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by John P. Ferré,P. Mark Fackler,Clifford G. Christians
Download Good News: Social Ethics and the Press (Communication and Society) fb2
Writing Research & Publishing Guides
  • Author:
    John P. Ferré,P. Mark Fackler,Clifford G. Christians
  • ISBN:
    0195084322
  • ISBN13:
    978-0195084320
  • Genre:
  • Publisher:
    Oxford University Press (June 3, 1993)
  • Pages:
    288 pages
  • Subcategory:
    Writing Research & Publishing Guides
  • Language:
  • FB2 format
    1410 kb
  • ePUB format
    1765 kb
  • DJVU format
    1455 kb
  • Rating:
    4.7
  • Votes:
    848
  • Formats:
    rtf txt mbr mobi


Good News is good news for anyone interested in an intellectually rich treatment of questions of media ethics and responsibility. -Theodore L. Glasser, Stanford University. Whether the reader agrees or disagrees with its conclusions, Good News is a thoughtful proposal that deserves debate. By far, the best work on media ethics I've encountered.

Good News: Social Ethics and the Press (Communication and Society). Clifford G. Christians, John P. Ferré, P. Mark Fackler. Download (pdf, 1. 0 Mb) Donate Read.

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Finding books BookSee BookSee - Download books for free. Good News: Social Ethics and the Press (Communication and Society). Category: Техника, Связь. 1. 0 Mb. The Handbook of Global Communication and Media Ethics (Handbooks in Communication and Media) (volume 1+2). Robert S. Fortner, P.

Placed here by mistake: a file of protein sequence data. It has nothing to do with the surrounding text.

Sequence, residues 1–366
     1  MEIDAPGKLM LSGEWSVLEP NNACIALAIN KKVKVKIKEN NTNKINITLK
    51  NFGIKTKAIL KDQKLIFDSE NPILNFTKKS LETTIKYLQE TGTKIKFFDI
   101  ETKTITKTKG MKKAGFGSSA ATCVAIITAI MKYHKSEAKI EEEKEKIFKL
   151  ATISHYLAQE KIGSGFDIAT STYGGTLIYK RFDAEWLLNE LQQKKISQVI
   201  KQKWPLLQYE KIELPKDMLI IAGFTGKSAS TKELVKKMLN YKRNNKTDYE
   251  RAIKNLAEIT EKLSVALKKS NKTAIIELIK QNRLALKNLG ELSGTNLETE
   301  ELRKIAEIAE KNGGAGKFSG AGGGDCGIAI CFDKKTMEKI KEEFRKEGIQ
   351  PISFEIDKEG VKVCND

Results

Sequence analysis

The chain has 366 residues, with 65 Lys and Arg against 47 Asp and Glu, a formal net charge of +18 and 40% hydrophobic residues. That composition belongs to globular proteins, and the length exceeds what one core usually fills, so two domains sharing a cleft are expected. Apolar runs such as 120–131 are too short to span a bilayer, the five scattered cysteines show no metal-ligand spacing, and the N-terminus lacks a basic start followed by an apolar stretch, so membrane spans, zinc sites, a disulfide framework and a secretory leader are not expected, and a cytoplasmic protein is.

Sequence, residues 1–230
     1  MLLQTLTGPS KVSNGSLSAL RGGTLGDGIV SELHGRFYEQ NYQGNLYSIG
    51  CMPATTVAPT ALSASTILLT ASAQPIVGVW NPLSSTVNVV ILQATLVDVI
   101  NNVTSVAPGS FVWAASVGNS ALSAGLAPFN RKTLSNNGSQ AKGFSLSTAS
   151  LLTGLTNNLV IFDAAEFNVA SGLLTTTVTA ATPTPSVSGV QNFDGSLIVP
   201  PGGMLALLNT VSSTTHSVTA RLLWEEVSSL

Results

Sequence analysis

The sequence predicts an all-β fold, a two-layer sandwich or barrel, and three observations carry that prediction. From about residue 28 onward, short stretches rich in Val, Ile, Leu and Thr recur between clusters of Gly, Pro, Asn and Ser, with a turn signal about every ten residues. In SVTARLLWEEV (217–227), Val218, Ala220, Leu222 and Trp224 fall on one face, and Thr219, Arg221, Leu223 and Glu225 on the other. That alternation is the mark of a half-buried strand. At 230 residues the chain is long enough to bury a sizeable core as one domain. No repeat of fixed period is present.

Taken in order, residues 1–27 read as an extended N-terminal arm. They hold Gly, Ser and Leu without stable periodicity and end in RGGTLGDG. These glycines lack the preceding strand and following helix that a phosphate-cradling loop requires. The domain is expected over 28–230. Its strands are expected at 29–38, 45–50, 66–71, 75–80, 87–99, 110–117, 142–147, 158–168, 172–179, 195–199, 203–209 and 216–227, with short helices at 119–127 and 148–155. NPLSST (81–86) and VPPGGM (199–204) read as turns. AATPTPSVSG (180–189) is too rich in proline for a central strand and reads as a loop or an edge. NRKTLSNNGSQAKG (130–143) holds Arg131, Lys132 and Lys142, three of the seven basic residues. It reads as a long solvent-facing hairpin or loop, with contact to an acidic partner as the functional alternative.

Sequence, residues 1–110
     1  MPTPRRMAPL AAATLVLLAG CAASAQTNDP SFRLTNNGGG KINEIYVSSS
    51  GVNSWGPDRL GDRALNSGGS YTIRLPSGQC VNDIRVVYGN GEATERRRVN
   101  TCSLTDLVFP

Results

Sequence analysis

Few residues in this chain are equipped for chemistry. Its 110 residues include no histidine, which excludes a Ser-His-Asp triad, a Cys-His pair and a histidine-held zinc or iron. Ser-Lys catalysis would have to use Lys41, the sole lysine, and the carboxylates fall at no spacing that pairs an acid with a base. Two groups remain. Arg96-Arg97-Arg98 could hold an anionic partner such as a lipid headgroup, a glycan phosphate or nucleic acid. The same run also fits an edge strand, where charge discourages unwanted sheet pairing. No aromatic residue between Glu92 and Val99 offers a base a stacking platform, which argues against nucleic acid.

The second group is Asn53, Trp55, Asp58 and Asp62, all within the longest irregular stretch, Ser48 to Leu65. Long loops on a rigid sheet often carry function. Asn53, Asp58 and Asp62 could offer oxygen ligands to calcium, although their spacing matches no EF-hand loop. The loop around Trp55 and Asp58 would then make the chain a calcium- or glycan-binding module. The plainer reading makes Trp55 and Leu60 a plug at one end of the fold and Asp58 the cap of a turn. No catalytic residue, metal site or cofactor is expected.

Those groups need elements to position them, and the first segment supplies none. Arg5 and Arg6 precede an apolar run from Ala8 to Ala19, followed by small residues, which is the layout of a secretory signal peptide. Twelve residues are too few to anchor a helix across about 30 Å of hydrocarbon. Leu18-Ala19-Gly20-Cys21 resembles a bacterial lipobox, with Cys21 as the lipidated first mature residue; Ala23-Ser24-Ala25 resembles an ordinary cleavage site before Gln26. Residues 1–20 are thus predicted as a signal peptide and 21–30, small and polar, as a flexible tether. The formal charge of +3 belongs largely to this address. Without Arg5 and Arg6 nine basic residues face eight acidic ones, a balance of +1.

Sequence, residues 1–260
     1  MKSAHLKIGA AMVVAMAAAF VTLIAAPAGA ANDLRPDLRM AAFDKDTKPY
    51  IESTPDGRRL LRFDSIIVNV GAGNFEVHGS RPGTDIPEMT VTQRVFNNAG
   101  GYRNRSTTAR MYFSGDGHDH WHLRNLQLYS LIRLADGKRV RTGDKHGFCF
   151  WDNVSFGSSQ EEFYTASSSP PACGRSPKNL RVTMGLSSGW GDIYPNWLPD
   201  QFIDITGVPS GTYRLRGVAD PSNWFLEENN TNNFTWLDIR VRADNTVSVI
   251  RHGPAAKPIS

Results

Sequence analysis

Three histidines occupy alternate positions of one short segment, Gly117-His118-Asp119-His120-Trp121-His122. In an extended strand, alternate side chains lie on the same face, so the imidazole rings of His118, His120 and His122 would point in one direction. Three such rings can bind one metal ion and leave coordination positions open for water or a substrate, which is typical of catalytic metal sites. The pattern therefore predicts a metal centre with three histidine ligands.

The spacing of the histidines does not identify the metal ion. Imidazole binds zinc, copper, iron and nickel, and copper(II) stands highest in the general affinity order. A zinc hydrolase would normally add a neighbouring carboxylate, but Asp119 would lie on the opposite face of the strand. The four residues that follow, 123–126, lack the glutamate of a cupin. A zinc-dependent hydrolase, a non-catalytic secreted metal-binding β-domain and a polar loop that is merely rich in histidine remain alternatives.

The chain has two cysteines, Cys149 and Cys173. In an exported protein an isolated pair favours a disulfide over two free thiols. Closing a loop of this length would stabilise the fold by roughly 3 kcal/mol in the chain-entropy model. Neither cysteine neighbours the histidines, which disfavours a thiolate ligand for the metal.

by John P. Ferré, Mark P. Fackler, Clifford G. Christians.

Keizersgracht 424, 1016 GC Amsterdam, KVK: 56829787, BTW: NL852321363B01.

Title (alternate script). Good news : social ethics and the press. News: The Empowerment Story. News as Social Narrative - 5. Organizational Culture. Ferre, John P; Fackler, Mark. Author (alternate script). Corporate Moral Agency.

Mass media ethics and the classical liberal ideal of the autonomous individual are historically linked and professionally dominant--yet the authors of this work feel this is intrinsically flawed. They show how recent research in philosophy and social science--together with a longer tradition in theological inquiry--insist that community, mutuality, and relationship are fundamental to a full concept of personhood. The authors argue that "persons-in-community" provides a more defensible grounding for journalists' professional moral decision-making in crucial areas such as truthtelling, privacy, organizational culture, and balanced coverage. With numerous examples drawn from life as well as from theory, this book will interest journalists, editors, and professionals in media management as well as students and scholars of media ethics, reporting, and media law.